As a small business owner, you’re charged with the often daunting task of finding enough money to operate and grow your business. There are a number of financing options out there. It’s important to acquaint yourself with all of them so you can determine which best suits your needs and how to go about cinching the deal. These are the most common types of small business financing.
- Angel investors and venture capitalists: Angel investors can be a good source of funding for new businesses. They’re often willing to take on more risk than banks and they tend to invest for longer periods of time than other investors — up to five years or more. However, they’ll generally invest a maximum of $1 million.
Venture capitalists usually invest more, but they have tougher investment criteria and look for high-growth businesses that will provide them with the greatest profit potential. They’re typically looking to cash out in three to five years. So most aren’t interested in very young businesses. Moreover, they almost invariably want a piece of your company and a seat on the board of directors, which can diminish the level of control you have over your business.
- Commercial bank loans: These loans are often preferable because they don’t require you to surrender any equity or company control. However, repaying them can be a strain on younger companies with limited cash flow. Many new companies won’t qualify because they lack an operating history and substantial collateral. Businesses seeking $100,000 or less, though, may qualify for unsecured loans based upon their owner’s personal credit history or personal assets.
- Small Business Administration loans: SBA loan guarantees can make all the difference in whether you get a bank loan. The federal agency doesn’t provide funding but typically guarantees 75 percent of individual loans made by private lenders — up to $750,000. To be eligible, businesses need to demonstrate an inability to qualify for conventional financing with reasonable repayment terms. Business owners must personally guarantee SBA loans and show that they have enough cash flow to repay them.
- Home-equity loans: These can be an attractive alternative to other types of loans because they usually offer the lowest interest rates available. However, you must carefully consider all the ramifications of risking your home to fund your business.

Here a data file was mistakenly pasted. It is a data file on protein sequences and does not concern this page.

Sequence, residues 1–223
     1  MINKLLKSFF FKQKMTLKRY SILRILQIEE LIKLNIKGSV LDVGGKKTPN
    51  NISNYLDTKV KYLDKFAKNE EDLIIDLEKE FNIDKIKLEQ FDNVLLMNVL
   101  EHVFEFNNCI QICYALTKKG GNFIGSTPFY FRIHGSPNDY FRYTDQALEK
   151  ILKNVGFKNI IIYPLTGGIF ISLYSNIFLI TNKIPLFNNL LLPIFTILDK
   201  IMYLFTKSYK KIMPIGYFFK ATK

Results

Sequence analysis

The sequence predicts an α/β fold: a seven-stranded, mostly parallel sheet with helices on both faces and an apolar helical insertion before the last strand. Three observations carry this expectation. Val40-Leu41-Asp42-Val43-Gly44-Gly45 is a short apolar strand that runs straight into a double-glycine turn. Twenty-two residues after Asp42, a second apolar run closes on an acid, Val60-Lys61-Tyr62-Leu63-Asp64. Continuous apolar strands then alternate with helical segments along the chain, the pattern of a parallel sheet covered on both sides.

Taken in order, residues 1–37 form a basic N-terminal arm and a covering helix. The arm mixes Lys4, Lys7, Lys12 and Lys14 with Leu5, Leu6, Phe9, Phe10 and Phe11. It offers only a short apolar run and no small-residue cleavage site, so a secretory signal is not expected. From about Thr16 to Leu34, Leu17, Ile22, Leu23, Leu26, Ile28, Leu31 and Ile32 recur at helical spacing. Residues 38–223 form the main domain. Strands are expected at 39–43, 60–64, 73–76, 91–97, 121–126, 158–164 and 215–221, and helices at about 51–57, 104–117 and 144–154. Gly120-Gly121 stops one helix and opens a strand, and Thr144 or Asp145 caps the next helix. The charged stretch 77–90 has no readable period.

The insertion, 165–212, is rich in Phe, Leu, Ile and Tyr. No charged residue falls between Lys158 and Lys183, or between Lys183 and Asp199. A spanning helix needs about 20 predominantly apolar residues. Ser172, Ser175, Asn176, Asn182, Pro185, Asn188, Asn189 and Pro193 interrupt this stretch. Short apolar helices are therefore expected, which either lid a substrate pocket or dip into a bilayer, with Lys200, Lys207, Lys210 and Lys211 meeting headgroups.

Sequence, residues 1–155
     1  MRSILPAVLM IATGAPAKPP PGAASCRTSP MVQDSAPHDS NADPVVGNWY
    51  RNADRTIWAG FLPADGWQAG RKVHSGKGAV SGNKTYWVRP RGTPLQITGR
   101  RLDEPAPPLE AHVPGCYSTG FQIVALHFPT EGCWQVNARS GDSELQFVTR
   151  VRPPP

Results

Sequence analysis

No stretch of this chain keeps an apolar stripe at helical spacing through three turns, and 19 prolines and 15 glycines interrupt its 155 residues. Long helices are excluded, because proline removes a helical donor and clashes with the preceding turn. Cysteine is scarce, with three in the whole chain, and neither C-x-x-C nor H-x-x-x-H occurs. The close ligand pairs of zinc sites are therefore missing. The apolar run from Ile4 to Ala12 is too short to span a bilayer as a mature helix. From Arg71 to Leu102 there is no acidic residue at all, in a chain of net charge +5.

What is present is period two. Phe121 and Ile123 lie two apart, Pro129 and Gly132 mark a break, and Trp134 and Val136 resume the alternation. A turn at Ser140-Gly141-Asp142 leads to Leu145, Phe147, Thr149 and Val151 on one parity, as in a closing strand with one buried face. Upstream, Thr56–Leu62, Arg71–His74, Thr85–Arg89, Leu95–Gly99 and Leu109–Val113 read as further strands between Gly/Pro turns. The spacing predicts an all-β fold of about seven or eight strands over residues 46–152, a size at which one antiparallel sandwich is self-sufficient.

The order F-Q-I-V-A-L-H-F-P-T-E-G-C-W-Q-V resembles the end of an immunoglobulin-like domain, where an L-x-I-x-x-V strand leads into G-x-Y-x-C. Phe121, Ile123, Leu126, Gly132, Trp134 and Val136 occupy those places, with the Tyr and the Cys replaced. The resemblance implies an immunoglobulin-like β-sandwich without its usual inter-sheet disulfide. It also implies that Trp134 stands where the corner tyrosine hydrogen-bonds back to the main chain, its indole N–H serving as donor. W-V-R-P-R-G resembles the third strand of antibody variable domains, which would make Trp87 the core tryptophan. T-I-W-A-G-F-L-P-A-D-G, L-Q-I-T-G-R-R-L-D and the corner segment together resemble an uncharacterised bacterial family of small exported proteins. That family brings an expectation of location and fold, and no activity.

The most important criteria for securing the financing your business needs are a good personal credit history, business history, and a thorough business plan that demonstrates the feasibility of your operating model. In short, a good business plan will provide enough detail to answer any questions a lender might ask.
When creating your business plan, you must state the amount of money you’re looking for and specifically and accurately explain what you intend to do with the money. Be prepared to offer details on how you’ll use every dollar you’re requesting. Are you looking to fund operations, including new employees and marketing? Or maybe assets, including equipment and real estate? Or are you looking to pay off business debts?
Next state when you’ll repay the loan. Explain in detail how the loan will effectively and efficiently grow your business. You must be able to convince the lender — through financial statements and cash flow projections — that you’ll be able to repay the loan based on an increase in your profitability.
Finally, address what you’ll do if you don’t get the loan. Lenders want to see persistence and a deep commitment to your venture. Let them know that you plan to approach as many lenders as necessary to secure the funding you need to grow your business.
Susan Konig is a freelance writer in New York. She has been writing about finance for 15 years, for publications including Crain’s New York Business, The New York Times, and Registered Representative, a national publication for financial advisors.